Allow me to be very clear here…a large number of young players out there are on a good course and are being guided well. However, we have seen slightly more young players who tend to forget that they, like all of us, are but one piece of a much larger picture and we ALL have a responsibility and obligation to GIVE and CONTINUE IMPROVING and MAKE OTHERS AROUND US BETTER as opposed to being “me-focused” all the time.
2. WHAT ARE THE MAJOR QUALITIES YOU AND COACH SUMMITT (And now Coach Warlick) LOOK FOR WHEN RECRUITING PLAYERS?
The obvious element is talent and skill level — that is often the very first thing we notice about a player however it is FAR from being the only thing. Just as a house may look terrific from the outside but be very lacking on the inside, so too can a player get noticed with talent but be lacking other VERY important characteristics.
That said, a player must have the talent, skill level and athleticism to be able to play at the highest level of women’s college basketball. They may not have the whole package right now, but they have enough in each of those areas to be in consideration. Next, their intangible qualities come into play in a big way: Do they love the game? Are they passionate about improving? Are they competitive and possessing a strong work ethic? ARE THEY COACHABLE? ARE THEY TEAM PLAYERS? Are they honest? These may also fall into the basketball character category.
Very closely tied to this, and for us this is another HUGE component — IS SHE SERIOUS ABOUT AND COMMITTED TO EARNING A GOOD COLLEGE DEGREE? We have an outstanding university coupled with a 100% graduation rate in our basketball program, therefore we must have young women in our program who are firmly committed to working and learning in the classroom and ultimately graduating from the University of Tennessee.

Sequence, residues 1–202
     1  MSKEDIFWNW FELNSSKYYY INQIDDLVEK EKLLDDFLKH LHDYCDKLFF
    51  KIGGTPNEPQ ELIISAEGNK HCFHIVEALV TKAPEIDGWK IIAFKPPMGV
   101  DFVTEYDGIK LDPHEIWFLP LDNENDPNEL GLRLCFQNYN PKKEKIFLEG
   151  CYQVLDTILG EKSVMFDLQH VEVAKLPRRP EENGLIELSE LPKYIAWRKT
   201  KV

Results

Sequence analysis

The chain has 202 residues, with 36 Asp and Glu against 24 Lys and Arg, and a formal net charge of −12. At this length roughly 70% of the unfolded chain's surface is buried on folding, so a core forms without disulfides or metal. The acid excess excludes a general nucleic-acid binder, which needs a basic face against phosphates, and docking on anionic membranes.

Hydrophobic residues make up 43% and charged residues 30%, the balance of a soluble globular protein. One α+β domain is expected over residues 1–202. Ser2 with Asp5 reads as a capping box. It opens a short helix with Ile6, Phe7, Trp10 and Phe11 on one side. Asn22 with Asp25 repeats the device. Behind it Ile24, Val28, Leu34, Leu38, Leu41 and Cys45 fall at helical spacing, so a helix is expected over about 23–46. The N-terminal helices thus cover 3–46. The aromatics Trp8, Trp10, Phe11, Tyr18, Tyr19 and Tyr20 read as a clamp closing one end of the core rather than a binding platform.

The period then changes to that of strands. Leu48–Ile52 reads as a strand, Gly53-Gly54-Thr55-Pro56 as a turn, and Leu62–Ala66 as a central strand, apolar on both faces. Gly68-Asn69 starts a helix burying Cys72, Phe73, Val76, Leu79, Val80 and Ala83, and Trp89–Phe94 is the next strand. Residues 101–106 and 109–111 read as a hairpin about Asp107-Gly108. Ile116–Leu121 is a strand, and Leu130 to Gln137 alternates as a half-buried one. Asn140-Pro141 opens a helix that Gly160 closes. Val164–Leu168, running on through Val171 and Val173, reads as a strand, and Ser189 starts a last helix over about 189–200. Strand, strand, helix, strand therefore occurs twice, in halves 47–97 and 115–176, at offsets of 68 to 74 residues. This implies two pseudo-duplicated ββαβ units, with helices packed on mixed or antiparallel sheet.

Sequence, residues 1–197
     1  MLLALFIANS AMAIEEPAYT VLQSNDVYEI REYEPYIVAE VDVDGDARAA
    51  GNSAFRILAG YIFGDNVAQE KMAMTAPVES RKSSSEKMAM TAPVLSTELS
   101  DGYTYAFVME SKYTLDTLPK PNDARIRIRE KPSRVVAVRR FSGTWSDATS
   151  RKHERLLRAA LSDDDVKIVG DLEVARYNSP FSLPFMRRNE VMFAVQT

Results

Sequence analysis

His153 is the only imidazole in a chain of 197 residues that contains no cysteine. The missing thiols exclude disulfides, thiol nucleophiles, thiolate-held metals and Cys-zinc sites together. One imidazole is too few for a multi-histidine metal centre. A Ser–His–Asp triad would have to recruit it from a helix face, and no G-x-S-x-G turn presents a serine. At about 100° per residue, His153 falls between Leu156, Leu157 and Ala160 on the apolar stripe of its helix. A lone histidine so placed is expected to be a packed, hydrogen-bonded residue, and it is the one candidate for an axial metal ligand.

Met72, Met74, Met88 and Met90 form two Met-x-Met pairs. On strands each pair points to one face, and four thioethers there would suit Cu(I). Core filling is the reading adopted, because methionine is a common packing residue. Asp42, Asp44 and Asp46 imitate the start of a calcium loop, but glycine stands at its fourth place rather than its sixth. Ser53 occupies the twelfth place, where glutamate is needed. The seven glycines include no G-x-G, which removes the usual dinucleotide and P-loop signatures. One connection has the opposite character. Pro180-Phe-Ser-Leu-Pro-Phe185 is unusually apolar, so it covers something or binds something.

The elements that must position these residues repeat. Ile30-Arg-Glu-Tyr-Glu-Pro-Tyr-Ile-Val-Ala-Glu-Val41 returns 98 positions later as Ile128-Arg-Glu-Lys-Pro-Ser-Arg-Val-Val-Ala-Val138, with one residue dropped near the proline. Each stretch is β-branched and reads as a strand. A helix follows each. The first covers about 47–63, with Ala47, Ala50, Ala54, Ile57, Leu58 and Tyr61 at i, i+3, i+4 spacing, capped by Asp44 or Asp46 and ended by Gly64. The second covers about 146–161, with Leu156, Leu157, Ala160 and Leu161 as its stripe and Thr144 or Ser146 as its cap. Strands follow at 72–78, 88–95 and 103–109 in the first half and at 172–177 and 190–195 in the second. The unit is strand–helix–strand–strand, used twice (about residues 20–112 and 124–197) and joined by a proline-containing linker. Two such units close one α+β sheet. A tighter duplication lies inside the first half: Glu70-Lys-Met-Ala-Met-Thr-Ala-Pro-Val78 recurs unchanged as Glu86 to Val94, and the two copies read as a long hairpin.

We then go into the off-court character category: How do they treat the members of their family? How do they treat their teammates? What do their teachers, counselors, and school administrators say about them? Have they been leaders in their school or community? Obviously, it is extremely difficult to find people who have a perfect score in every area we assess, however we DO strongly evaluate these areas and it definitely makes a positive impact when we find positive qualities.
A final, but equally important area is that of off-season work habits and a commitment to the game. Do they work at the game in the off-season? Are they willing to commit time in the gym to get better and attack weaknesses? Do they pay attention to principles of good conditioning, sound nutrition habits and getting proper sleep? These are a direct reflection of their love of the game and they type of guidance they have had up to this point in their lives.
In summary, we look for people with:
1. The talent and skill level to compete for NCAA Division I national championships.
2. The character qualities to be a champion on and off the court.
3. The commitment to graduate from college and be a woman of integrity.
4. The passion to relentlessly pursue excellence and improvement while also being totally committed to the team.
Stay Tune for Next week when Dean answers questions about What HS Players lack the first year of college, do female HS players work and study to improve their game, and recommendations for aspiring college coaches